62nd annual Windjammer Days

Boatbuilder: Bill Haggett, former president of Bath Iron Works

Wed, 02/28/2024 - 8:45am

    The 62nd annual Boothbay Harbor Windjammer Days will take place on Sunday, June 23 through Saturday, June 29. This year we will celebrate our local boatbuilders and shipwrights. Please visit boothbayharborwindjammerdays.org for the full schedule of events.

    Growing up in Bath in the 1940s and early 1950s with a father, uncles and grandfathers working in various capacities at BIW, I was generally aware of what was happening in the shipyard and had great respect for the importance of their work … especially during the war years when BIW built 82 destroyer type combatants for our Navy. I can recall being very proud of my father who was a Leading Man in the “tin shop” for 42 years. Dad actually overlapped my early years with the company in the 1960s. But, I never really considered working in Bath or shipbuilding in my early years. Football, basketball and baseball at Morse … followed by a history, government and economics major at Colby really did not provide much of a technological or manufacturing background for me.

    However, Dad proudly told me he was only late for work once and never absent for a day in all those years. I knew he loved the shipyard! And growing up in Bath I hero worshiped Pete Newell and Omar King. I learned at a very young age that Mr. Newell had restored shipbuilding in Bath (and saved the city) in the 1920s and Omar King came out of college as World War II was starting and was soon the major force in Bath and South Portland, creating shipbuilding operations that employed about 32,000 (mostly inexperienced) people building ships of high quality, efficiently and at incredible rates.

    Although I could not build a rowboat, I joined BIW as a buyer 2nd class in 1963 and for the next 28 years progressed through purchasing, contracts, public relations, marketing, operations, the presidency and left as Chairman of the Board. I was blessed with some of the best managers and hands-on shipbuilders in the world during that period. The shipyard grew rapidly and became much more diversified in the 70s and 80s. Building and repairing state of the art Navy ships formed the backbone of BIW’s work as employment increased to 12,000 in the late 80s … but we also built 20 large merchant ships during that period. It was an exciting time during which the shipyard was delivering many ships ahead of schedule and under budget.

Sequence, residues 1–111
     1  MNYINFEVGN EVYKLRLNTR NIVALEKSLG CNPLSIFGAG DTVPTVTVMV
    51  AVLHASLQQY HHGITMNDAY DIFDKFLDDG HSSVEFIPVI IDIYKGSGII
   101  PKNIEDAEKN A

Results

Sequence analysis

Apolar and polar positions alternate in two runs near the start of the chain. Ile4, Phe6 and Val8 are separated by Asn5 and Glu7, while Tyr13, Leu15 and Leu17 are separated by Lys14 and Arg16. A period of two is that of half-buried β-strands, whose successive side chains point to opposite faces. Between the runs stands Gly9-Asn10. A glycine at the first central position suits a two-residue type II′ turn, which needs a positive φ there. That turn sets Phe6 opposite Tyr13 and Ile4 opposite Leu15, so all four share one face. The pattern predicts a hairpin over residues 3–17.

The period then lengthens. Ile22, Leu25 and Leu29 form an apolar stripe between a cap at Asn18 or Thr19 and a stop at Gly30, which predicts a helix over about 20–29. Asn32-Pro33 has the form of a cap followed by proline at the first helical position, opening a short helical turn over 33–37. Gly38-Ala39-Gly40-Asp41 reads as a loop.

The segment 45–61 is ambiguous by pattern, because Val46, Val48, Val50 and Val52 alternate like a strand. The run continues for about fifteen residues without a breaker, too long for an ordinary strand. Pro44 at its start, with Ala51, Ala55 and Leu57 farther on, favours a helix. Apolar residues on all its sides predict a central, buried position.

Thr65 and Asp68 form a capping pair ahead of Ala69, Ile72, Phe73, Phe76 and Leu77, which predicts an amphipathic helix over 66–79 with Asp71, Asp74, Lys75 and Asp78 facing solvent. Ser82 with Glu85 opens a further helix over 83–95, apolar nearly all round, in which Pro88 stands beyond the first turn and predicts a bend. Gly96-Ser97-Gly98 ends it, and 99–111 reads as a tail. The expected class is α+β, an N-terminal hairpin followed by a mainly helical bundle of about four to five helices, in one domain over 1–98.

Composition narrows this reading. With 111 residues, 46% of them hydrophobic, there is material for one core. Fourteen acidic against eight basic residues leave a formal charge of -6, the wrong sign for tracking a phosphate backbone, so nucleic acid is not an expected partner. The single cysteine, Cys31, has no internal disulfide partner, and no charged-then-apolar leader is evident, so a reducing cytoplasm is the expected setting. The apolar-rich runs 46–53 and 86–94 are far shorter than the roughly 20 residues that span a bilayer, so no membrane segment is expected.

During these very busy years I gained a tremendous amount of respect for Maine Maritime Academy and its graduates. They numbered over 100 (primarily Mainers) and filled very important positions within our workforce. Although I spent as much time as possible out in the shipyard with our very skilled and hard-working employees (many from Boothbay, and lots of Morse pals) as a senior BIW manager for years, I felt fortunate and humbled to interface regularly with leaders of our country, the U.S. Navy, Ship Captains and Crews. These included many American heroes such as Arleigh Burke and John McCain.

    In the 1990s I spent five terrific years in New Brunswick as president of Saint John Shipbuilding LTD while they were building nine patrol frigates for the Canadian Navy. Working for Jim Irving with a Canadian workforce was a very interesting and rewarding way to top off my shipbuilding career.

    I loved shipbuilding and have always enjoyed working. Today Sally, my wonderful wife of 68 years, and I are volunteers involved in many local causes. My current focus is helping to expand childcare at the Bath YMCA.

    Shipbuilders or boat builders, we are all blessed to live in Bath and Boothbay with salt water lapping at our shores!